Consumer News Release
For immediate release - Friday, October 1, 2004.
Contact Bob Brammer - 515-281-6699.
A.G. Investigates "Spectacular Estate Auction" Set for Saturday in Sioux City -- then Company Cancels the Auction
The Iowa Attorney General's Office issued a consumer protection subpoena late Thursday to a Virginia company advertising a "Spectacular Estate Auction" Saturday in Sioux City -- and the company canceled the auction early today.
Advertising said the auction was to feature "exclusive items from a multi-million dollar private estate due to divorce" - including works by Rembrandt, Matisse, Dali, Chagall, and Cezanne. [See below for copy of flyer and cover letter.]
"We faxed the auction company a subpoena late yesterday indicating we have reason to believe that certain representations contained in the advertisement may be deceptive," said Attorney General Tom Miller. "This morning, F.F. Auctions canceled the Sioux City auction."
The auction was scheduled for 2 p.m. Saturday at the Council Oak Center at Riverside Park.
The subpoena was issued to Fidelity First Financial, LLC, of Dulles, Virginia, doing business as F.F. Auctions in the case of the Sioux City auction. The subpoena questioned representations made in advertising for the auction, including:
- That the items come from the estate of "an internationally renowned Art and Antique Dealer," "due to divorce."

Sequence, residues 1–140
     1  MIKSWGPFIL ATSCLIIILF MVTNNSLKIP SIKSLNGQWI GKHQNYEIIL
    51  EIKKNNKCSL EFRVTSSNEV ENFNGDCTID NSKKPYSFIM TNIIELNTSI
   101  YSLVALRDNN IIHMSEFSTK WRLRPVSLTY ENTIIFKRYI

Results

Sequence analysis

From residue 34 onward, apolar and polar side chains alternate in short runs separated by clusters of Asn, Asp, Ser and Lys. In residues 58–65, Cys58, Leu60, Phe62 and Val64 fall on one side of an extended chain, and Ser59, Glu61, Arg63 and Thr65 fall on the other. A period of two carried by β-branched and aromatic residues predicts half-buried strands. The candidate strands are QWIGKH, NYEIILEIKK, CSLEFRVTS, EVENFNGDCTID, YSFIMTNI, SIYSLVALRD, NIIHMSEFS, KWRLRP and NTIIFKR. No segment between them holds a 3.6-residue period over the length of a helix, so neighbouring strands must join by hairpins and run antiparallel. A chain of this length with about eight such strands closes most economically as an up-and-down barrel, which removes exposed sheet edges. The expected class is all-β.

- That the auction will feature works actually created by artists such as Dali, Chagall, Manet, Cezanne, Renoir, and others.
- That the event is a "one time event."
- That the auction will be "the first offering of this exceptional collection."
The Attorney General's Office believes the auction company contracts to hold auctions at local sites not otherwise related to F.F. Auctions.
The consumer protection investigation subpoena remains in effect. It requires the company to produce documents within ten days of receiving the subpoena, including identities of all persons involved in organizing and carrying out the auction, the identity of the person the ad calls "an internationally renowned Art and Antique Dealer" whose estate is being auctioned, all other locations in which the Sioux City items have been offered for sale by the company at prior auctions, and "all support in your records for the claims made regarding the authenticity of the creators of the fine art" referenced in the advertisement.
Miller said his office learned about the auction this week from the South Dakota Attorney General's Office. Yesterday, an auction was canceled that had been set for Sunday in Sioux Falls, SD.
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